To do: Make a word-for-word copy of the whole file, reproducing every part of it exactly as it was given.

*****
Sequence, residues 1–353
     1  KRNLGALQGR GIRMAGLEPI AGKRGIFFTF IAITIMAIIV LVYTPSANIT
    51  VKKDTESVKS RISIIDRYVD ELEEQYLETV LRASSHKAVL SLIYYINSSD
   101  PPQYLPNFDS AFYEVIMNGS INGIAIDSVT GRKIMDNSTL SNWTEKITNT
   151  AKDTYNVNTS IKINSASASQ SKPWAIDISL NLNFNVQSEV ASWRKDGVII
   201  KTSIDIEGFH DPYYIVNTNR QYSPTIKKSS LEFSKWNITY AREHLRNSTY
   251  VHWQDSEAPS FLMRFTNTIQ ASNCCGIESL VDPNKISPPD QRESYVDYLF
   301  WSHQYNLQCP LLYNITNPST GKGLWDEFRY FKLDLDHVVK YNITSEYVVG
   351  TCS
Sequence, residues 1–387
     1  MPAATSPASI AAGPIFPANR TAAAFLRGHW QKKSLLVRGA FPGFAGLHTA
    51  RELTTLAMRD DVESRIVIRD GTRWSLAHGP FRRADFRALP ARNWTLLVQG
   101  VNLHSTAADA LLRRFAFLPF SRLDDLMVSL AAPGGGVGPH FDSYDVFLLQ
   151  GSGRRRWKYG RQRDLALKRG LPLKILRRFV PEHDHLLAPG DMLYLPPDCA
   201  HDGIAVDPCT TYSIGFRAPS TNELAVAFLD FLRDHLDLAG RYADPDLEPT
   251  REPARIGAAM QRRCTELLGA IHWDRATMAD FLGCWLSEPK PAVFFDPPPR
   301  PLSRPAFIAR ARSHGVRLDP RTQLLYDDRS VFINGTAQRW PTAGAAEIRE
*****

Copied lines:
Sequence, residues 1–353
     1  KRNLGALQGR GIRMAGLEPI AGKRGIFFTF IAITIMAIIV LVYTPSANIT
    51  VKKDTESVKS RISIIDRYVD ELEEQYLETV LRASSHKAVL SLIYYINSSD
   101  PPQYLPNFDS AFYEVIMNGS INGIAIDSVT GRKIMDNSTL SNWTEKITNT
   151  AKDTYNVNTS IKINSASASQ SKPWAIDISL NLNFNVQSEV ASWRKDGVII
   201  KTSIDIEGFH DPYYIVNTNR QYSPTIKKSS LEFSKWNITY AREHLRNSTY
   251  VHWQDSEAPS FLMRFTNTIQ ASNCCGIESL VDPNKISPPD QRESYVDYLF
   301  WSHQYNLQCP LLYNITNPST GKGLWDEFRY FKLDLDHVVK YNITSEYVVG
   351  TCS
Sequence, residues 1–387
     1  MPAATSPASI AAGPIFPANR TAAAFLRGHW QKKSLLVRGA FPGFAGLHTA
    51  RELTTLAMRD DVESRIVIRD GTRWSLAHGP FRRADFRALP ARNWTLLVQG
   101  VNLHSTAADA LLRRFAFLPF SRLDDLMVSL AAPGGGVGPH FDSYDVFLLQ
   151  GSGRRRWKYG RQRDLALKRG LPLKILRRFV PEHDHLLAPG DMLYLPPDCA
   201  HDGIAVDPCT TYSIGFRAPS TNELAVAFLD FLRDHLDLAG RYADPDLEPT
   251  REPARIGAAM QRRCTELLGA IHWDRATMAD FLGCWLSEPK PAVFFDPPPR
   301  PLSRPAFIAR ARSHGVRLDP RTQLLYDDRS VFINGTAQRW PTAGAAEIRE